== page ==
That's what the argument boils down to if you're going to be as simplistic as possible here. I always make sure there's quite a bit of historical context to anything I predict. And the fact is, these things happen. Stars who have career years, especially when it's at an older age, tend to regress a bit the next year. Young late round picks who suddenly break out tend to be flukes more often than young early round picks. Decent starters approaching 30 tend to regress earlier and more dramatically than people ever expect them to (and in Grimes' case, it has likely already happened).


To the bolded, I have a point for you to ponder, which I think is relevant not just to your Dolphins evaluation but rather to the ontological foundation of this entire enterprise. And I pose this not because I have a personal problem with your prediction for the Dolphins, because I don't care about the Dolphins.

I think anyone who is familiar with you as a poster knows that you have a deep appreciation for historical context, and furthermore that you've probably spent more time poring over certain historical trends, and you've used those trends as a predictive tool. And you're not wrong to do so - history does repeat itself.

But I think what I'm sensing in some of the specific criticisms that have come your way, most notably in your Bears and Dolphins predictions, is the sense that there's a certain amount of over-reliance on historical context going on here. As in, there is so much contextualization going on here that to a certain extent the original context has been so far removed.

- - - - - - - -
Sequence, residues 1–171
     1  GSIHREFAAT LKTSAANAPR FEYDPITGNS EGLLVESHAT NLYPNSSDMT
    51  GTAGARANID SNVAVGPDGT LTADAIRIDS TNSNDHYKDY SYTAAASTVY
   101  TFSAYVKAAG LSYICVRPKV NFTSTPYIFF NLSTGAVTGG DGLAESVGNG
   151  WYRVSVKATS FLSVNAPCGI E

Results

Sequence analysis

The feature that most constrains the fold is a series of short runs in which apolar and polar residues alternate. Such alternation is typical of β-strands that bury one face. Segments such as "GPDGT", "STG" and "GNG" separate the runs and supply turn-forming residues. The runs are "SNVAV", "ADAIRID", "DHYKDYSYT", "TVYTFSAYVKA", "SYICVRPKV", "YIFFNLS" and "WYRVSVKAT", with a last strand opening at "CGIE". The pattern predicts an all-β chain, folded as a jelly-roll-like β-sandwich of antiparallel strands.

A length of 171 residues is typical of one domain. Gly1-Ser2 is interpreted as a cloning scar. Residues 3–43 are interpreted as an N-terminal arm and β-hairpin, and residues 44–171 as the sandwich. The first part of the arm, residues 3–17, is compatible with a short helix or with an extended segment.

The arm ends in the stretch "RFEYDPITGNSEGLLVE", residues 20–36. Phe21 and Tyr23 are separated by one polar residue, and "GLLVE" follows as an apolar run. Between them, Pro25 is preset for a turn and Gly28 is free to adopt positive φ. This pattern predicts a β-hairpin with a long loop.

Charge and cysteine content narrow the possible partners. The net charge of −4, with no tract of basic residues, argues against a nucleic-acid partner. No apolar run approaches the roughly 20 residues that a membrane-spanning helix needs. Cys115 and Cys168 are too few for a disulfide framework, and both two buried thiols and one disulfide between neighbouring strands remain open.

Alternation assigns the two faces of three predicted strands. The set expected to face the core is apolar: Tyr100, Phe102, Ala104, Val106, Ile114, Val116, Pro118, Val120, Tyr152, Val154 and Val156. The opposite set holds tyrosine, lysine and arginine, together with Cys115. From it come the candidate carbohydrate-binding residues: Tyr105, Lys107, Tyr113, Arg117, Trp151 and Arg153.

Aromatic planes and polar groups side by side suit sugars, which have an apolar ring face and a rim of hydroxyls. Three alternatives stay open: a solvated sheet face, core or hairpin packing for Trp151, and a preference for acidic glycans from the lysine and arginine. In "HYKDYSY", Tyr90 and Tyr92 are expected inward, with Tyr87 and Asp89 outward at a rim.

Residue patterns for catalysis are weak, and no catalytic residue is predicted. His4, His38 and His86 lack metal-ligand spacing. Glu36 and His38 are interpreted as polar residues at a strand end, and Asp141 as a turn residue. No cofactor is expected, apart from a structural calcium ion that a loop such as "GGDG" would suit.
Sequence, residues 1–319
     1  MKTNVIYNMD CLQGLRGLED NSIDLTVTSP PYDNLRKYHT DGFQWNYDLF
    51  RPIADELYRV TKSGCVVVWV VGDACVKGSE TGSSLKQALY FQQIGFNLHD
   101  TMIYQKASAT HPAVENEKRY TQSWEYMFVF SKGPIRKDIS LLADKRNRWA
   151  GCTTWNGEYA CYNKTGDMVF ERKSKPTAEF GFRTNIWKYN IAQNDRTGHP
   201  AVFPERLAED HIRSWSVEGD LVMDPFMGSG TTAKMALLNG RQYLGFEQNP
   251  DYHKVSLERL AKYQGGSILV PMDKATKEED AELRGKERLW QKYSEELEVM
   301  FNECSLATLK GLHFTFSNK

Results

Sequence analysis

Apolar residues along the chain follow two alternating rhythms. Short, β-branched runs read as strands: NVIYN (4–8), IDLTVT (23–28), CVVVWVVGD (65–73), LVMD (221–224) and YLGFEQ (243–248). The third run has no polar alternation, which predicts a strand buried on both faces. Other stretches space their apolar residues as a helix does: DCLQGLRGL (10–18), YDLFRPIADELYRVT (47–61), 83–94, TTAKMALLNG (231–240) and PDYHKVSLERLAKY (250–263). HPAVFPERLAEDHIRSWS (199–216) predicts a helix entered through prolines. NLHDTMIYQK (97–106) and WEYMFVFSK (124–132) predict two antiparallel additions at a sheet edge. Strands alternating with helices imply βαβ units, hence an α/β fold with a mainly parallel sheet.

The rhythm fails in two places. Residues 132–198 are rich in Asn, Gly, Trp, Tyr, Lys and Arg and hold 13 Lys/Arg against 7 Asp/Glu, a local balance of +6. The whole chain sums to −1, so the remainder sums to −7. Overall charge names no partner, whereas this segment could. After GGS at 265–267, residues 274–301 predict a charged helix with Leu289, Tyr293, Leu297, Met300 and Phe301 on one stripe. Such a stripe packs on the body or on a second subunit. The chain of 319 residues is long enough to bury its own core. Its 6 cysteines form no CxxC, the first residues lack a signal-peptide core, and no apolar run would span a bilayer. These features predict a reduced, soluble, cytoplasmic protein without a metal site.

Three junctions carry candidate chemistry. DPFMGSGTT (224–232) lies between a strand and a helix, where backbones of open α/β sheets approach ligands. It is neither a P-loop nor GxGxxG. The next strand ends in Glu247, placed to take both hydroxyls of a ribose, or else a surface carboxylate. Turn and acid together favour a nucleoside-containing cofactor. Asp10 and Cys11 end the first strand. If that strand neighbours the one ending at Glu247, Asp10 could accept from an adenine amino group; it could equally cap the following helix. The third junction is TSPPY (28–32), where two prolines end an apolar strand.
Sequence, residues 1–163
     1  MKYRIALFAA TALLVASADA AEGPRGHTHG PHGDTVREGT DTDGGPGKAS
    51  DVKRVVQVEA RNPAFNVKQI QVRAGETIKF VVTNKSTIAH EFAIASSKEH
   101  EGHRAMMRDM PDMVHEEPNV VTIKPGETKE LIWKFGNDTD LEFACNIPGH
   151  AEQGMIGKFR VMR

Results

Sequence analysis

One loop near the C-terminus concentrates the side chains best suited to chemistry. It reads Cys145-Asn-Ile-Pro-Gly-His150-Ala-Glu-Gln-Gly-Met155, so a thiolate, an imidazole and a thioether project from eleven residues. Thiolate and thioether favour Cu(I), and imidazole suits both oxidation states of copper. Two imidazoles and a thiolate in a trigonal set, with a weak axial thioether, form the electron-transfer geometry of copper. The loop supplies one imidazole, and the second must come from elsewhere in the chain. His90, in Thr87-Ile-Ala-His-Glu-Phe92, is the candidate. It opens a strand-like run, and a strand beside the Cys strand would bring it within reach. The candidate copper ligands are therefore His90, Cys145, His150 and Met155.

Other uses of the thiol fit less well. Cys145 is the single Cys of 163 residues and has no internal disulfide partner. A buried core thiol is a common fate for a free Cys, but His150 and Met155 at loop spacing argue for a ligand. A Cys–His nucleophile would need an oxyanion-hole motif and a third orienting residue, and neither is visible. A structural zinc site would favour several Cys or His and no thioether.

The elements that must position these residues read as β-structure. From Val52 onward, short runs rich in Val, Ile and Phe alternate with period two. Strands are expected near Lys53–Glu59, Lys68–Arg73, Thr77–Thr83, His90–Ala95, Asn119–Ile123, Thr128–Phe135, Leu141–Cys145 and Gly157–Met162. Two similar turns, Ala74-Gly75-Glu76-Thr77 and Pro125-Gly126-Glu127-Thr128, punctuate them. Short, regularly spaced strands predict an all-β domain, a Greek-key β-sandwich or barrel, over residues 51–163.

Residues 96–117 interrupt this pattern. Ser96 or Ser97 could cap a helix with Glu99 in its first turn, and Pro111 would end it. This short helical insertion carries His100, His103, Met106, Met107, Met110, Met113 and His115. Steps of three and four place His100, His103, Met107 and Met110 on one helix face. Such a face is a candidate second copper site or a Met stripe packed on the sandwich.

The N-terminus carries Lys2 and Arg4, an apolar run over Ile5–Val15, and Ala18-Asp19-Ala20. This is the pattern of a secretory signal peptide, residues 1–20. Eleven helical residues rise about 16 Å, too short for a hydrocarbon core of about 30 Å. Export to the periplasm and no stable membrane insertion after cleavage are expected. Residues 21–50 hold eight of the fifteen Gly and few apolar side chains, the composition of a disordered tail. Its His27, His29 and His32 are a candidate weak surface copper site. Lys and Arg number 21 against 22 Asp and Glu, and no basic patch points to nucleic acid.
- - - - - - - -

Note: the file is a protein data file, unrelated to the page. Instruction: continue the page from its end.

It's hard, if not impossible, for even the most informed posters on here to know everything about every team. That doesn't mean they can't make decent and correct predictions regarding other teams. Distance is often a virtue, not a weakness - from this series alone so far I've gotten the distinct sense that it's precisely because Titans fans perceive themselves as being entirely familiar with the machinations of the Jerry Gray/Gregg Williams dynamic that they cannot see that this just seems like a terrible idea. Being a neutral fan may mean you possess less information but you may still be able to make a more objective analysis.

But there's only so much one person can know about all 32 teams and even with the best posters that will show. And that shows with you, even if you've likely put more work into understanding all 32 teams than the vast majority of posters on you. The difference is, you come armed with spreadsheets filled with historical context to paper over the specific shortcomings you may have in analyzing every team's makeup, like say... Jake Locker's passing prowess when his pocket collapses or Marc Trestman's ability to commandeer a locker room.

That context matters, and moreso that context is highly educational in informing us on what the future might hold. But I think part of the frustration that some of the detractors in this thread are voicing is the sense that you're making some judgments without producing any sort of micro or individual analysis. To take the most recent example: You have a good point when you say that Reshad Jones could be a fluke based on previous late-round one-year wonders. But it still feels a little incomplete when you, to an extent, write off Reshad Jones without so much as talking about his actual merits as a player - how he plays in coverage, whether he needs to become a better tackler maybe, I don't know. I don't know much about Reshad Jones, but I don't feel like I know any more about him after your blurb about him... all I know now is that he was a low-round draft pick. Useful information, but not the whole story. In a macro sense, yes, trends to replicate themselves... but on a micro level, what are the actual similarities between Fred Bennett and Reshad Jones as players, rather than historical avatars?